No one is more emphatic than Glustrom herself that she cannot predict the future, but she presents trend lines that are robust and confirmed assertively by the editorial board at West Virginia Gazette:

    Although Clean Energy Action is a "green" nonprofit opposed to fossil fuels, this study contains many hard economic facts. As we've said before, West Virginia's leaders should lower their protests about pollution controls, and instead launch intelligent planning for the profound shift that is occurring in the Mountain State's economy.

    The report "Warning, Faulty Reporting of US Coal Reserves" and its companion reports belong in the hands of energy and climate policy makers, investors, bankers, and rate payer watchdog groups, so that states can plan for, rather than react to, a future with sea change risk factors.

    [Clean Energy Action is fundraising to support the dissemination of this report through December 11. Contribute here.]

    It bears mentioning that even China is enacting a "peak coal" mentality, with Shanghai declaring that it will completely ban coal burning in 2017 with intent to close down hundreds of coal burning boilers and industrial furnaces, or shifting them to clean energy by 2015. And Citi Research, in "The Unimaginable: Peak Coal in China," took a look at all forms of energy production in China and figured that demand for coal will flatten or peak by 2020 and those "coal exporting countries that have been counting on strong future coal demand could be most at risk." Include US coal producers in that group of exporters.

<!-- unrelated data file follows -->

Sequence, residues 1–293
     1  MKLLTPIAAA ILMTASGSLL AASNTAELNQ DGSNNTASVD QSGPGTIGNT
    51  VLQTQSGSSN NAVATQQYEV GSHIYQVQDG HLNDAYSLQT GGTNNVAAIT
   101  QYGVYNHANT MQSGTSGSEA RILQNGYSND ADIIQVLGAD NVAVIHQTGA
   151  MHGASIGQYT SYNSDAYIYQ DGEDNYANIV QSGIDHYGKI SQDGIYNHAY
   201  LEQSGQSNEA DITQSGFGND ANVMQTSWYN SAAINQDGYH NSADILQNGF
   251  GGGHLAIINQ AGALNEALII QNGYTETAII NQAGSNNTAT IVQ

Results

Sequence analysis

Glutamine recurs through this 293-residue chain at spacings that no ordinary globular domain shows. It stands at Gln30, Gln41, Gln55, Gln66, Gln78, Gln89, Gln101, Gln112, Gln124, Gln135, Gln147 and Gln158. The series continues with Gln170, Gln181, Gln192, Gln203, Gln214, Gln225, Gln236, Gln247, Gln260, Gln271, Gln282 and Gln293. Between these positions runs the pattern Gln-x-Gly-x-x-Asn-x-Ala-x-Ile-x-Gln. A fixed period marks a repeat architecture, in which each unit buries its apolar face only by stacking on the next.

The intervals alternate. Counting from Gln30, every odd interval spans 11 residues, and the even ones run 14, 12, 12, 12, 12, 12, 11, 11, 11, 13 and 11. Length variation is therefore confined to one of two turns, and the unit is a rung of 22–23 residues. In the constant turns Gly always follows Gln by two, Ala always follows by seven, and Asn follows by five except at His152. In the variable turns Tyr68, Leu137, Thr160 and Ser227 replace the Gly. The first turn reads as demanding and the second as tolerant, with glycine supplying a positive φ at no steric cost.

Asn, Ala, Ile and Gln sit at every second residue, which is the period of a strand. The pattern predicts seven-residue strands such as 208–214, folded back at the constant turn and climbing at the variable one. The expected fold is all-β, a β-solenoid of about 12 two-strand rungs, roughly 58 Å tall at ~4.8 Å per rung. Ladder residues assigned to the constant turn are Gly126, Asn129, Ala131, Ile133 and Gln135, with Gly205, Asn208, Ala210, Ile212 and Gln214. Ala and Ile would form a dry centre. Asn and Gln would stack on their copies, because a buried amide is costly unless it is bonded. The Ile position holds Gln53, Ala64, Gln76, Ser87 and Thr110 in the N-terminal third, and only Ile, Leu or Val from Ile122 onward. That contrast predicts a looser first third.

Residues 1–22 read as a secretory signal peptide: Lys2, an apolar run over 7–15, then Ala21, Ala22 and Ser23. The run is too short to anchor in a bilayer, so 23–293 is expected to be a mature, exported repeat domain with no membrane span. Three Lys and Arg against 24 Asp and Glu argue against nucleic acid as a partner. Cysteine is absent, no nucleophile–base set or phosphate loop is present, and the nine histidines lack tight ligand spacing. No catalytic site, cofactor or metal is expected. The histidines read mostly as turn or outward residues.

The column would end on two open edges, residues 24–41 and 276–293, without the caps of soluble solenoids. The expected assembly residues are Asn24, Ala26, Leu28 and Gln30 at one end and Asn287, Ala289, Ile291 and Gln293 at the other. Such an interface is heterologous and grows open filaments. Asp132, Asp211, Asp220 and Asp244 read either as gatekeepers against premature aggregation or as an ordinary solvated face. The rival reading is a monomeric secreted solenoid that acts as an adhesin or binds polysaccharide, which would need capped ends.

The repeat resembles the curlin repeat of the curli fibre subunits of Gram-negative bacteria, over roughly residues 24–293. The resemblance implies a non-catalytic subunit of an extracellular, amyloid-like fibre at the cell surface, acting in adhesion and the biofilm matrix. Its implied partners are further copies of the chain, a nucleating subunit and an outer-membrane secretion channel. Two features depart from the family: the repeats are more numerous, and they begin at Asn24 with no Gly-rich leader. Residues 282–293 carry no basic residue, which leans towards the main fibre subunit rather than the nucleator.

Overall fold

Our world is undergoing many sorts of change and upheaval. We in the industrialized world have spent about a century dismissing ocean trash, overfishing, pesticides, nuclear hazard, and oil and coal burning with a shrug of, "Hey it's fine, nature can manage it." Now we're surrounded by impacts of industrial-grade consumption, including depletion of critical resources and tipping points of many kinds. It is not enough to think of only ourselves and plan for strictly our own survival or convenience. The threat to animals everywhere, indeed to whole systems of the living, is the grief-filled backdrop of our times. It's "all hands on deck" at this point of human voyaging, and in our nation's capital, we certainly don't have that. Towns, states and regions need to plan fiercely and follow through. And a fine example is Boulder Colorado's recent victory to keep on track for clean energy by separating from its electric utility that makes 59 percent of its power from coal.

    Clean Energy Action is disseminating "Warning: Faulty Reporting of US Coal Reserves" for free to all manner of relevant professionals who should be concerned about long range trends which now include the supply risks of coal, and is supporting that outreach through a fundraising campaign.